The Jesuit Irish Mission: A calendar of correspondence 1566-1752 is now available for sale on the Messenger Publications website.
Irish Jesuit Documents in Rome: Part 4
Recently I was struck by one of the letters I calendared, because of its personal and warm tone. While it’s quite normal to find well-wishes and paternal encouragement in the letters, along with prayers, this was different: here the General Superior in Rome (still Claudio Acquaviva) writes to an Irishman in Antwerp in the second person singular. Normally, correspondents used the formal way of address in the third person: the writer talks in a sort of “pluralis maiestatis”, and the recipient is “Your Reverence”. (This is a huge source of confusion at times, for example when the writer refers to the recipient and another, properly “third person”, in the one sentence or clause!)
The man the letter is written for is Laurence Lea from Waterford, and after reading the letter I looked him up in Francis Finegan SJ’s Biographical Dictionary (1598-1773) and in the Irish lists or ‘calendars’ of Jesuits: born in 10 August 1584, he was not as young as I thought – at the time of the letter he was 29. He came to the Jesuits in 1603 via the seminary in Salamanca. After his novitiate in around 1609, he was sent to Ingolstadt (Germany) and was by 1611 described as in poor health. At the time of the letter, 31 March 1612, he is in Antwerp, also studying. We don’t have his own letter to Rome, but Acquaviva sums it up: apparently, Lea felt he was sliding back into an old illness, and thought the only remedy would be a return to Ireland and work on the mission, after first being promoted to the priesthood “in the Society in which he wishes to live and die”.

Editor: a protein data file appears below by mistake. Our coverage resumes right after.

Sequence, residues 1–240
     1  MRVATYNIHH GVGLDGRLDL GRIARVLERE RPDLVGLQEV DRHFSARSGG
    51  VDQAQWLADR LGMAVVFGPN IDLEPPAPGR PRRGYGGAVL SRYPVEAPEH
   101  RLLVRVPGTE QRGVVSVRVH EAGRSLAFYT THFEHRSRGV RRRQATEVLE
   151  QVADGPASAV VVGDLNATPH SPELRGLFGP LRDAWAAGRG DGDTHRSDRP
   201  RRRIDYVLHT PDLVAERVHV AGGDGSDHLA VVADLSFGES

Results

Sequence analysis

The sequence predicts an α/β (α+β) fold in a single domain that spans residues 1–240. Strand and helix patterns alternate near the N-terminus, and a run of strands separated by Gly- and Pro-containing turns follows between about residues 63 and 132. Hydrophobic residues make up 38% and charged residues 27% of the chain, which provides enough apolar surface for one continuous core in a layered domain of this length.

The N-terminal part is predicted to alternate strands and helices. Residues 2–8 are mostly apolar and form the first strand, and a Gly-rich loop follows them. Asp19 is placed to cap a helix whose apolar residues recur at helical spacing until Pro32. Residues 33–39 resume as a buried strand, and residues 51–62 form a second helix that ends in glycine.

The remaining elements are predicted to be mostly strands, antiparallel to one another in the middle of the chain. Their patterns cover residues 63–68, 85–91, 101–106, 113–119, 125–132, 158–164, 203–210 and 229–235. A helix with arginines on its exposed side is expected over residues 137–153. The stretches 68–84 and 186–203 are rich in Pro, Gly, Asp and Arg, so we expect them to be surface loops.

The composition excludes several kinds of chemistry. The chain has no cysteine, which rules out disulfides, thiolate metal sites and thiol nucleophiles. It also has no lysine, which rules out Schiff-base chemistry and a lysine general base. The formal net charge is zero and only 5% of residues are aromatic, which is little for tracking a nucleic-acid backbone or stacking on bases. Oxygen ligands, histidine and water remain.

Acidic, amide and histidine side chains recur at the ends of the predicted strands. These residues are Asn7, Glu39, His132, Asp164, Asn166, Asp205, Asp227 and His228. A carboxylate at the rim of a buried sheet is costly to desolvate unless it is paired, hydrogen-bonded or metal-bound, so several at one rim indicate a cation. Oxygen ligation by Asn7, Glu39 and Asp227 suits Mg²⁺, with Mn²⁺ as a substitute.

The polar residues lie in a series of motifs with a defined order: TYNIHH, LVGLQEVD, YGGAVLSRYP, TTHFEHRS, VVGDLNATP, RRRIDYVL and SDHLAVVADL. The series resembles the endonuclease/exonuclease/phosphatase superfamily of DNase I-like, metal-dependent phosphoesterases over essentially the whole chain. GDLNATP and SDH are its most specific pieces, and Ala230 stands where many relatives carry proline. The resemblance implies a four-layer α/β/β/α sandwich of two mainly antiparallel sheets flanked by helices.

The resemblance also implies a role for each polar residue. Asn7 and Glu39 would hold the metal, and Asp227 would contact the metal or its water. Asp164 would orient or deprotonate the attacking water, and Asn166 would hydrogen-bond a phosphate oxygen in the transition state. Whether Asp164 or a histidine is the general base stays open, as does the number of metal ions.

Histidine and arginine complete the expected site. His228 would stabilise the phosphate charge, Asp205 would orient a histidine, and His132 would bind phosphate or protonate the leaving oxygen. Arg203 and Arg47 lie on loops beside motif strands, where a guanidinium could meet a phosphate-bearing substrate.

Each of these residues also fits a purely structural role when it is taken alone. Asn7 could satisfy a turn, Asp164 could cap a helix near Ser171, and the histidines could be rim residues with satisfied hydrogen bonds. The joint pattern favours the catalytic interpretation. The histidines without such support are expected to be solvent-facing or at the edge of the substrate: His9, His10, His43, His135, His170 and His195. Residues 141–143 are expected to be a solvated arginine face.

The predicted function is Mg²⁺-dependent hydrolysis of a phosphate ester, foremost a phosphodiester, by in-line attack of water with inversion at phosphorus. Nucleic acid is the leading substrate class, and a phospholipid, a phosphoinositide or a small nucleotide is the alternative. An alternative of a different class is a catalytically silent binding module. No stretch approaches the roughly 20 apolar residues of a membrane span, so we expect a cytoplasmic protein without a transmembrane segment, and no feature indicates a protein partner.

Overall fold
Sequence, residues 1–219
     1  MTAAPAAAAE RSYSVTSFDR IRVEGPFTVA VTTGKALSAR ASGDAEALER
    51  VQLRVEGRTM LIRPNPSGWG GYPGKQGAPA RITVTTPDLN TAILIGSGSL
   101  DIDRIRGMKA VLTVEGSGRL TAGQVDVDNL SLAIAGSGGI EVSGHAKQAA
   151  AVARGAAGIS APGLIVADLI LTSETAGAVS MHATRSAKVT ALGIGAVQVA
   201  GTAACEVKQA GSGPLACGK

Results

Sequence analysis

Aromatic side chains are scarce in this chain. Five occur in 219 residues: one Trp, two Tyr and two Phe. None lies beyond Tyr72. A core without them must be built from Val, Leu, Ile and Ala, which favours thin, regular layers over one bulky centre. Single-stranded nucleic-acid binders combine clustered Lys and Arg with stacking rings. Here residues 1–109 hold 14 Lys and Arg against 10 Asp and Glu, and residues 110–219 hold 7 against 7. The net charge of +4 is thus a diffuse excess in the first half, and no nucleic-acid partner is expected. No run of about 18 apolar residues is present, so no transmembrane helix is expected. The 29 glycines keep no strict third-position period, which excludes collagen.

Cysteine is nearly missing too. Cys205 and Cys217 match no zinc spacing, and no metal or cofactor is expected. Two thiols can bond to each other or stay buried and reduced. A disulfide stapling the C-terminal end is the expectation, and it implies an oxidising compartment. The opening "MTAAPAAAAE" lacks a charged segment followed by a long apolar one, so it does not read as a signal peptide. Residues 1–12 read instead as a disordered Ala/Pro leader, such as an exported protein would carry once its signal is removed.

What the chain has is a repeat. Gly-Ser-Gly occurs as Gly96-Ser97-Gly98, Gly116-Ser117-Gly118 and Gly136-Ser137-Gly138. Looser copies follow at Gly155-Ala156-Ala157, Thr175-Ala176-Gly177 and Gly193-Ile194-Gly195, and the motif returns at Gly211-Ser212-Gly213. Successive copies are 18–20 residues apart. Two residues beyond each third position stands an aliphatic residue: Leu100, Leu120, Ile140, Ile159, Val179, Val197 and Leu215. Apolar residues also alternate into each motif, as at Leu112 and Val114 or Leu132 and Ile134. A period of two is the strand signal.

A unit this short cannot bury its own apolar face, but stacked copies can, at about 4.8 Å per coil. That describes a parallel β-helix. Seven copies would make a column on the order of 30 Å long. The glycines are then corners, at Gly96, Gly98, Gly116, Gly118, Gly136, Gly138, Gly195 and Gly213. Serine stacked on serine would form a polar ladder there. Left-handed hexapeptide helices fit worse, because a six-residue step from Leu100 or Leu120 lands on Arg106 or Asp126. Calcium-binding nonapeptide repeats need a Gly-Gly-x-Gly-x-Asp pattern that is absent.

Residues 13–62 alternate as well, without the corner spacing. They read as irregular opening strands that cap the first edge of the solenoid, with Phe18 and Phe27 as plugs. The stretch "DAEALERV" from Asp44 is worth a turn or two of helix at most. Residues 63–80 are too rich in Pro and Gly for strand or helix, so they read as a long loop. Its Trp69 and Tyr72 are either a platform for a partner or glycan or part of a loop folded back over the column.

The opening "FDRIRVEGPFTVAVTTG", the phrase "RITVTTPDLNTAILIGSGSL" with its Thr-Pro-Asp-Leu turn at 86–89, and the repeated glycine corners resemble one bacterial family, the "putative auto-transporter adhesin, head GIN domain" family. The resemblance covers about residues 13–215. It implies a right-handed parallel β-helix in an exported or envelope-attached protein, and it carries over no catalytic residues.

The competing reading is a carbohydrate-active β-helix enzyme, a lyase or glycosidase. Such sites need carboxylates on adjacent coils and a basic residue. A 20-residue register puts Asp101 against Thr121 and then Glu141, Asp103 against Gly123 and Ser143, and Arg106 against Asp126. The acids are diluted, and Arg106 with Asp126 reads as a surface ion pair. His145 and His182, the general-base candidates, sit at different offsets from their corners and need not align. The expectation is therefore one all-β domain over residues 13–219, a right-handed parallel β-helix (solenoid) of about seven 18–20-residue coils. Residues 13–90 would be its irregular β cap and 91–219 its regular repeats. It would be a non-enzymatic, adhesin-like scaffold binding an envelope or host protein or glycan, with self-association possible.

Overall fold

“sacerdotium in Societate in qua vivere et mori constanter optas”, Anglia 1 I f.25v
The General shows him understanding and addresses him in a kindly fashion, but Lea’s requests are not granted. He asks him not to suffer anxiety and wishes him
“that all deep melancholic trouble be taken away and followed by the desired calmness of the mind; this I wish God give you, together with a bountiful blessing of heavenly offerings.”
(“Ita spero fore ut adimatur penitus omnis melancholiae molestia, et animi optata tranquillitas consequatur, quam tibi opto a Domino Deo una cum larga coelsetium donorum benedictione.”)
The only action Acquaviva seems to have taken was to write to his provincial superior – Fr. François Florentin in Brussels- to tell him that Lea was not fit for the priesthood at this time, and that he was not able to work in the middle of a deprived people and amid dangers, and bring good results. (“neque ille is videtur qui possit utiliter laborare in illa Domini vinea in medio nationis pravae et pericolorum”).
I had to go to back to Francis Finegan’s Biographical Dictionary to see what became of Lea. We don’t know when, but at some stage he left the Society. There is a small chance that he is the same person as the Vicar General of the diocese of Waterford and Lismore (Finegan says it is possible, but he only encounters him as such in 1622). If that is so, then he did become ordained and he did return to the depravity and dangers then seen to be rampant among his people– but outside of the Society.
Mandate of Fr Donagh Mooney OFM, Kilkenny, 8th October 1616: mention of a Laurence Lea as vicar general of Waterford. (UCD, Franciscan A Collection, Wadding Papers, D.01 vol.4 pp.797-800)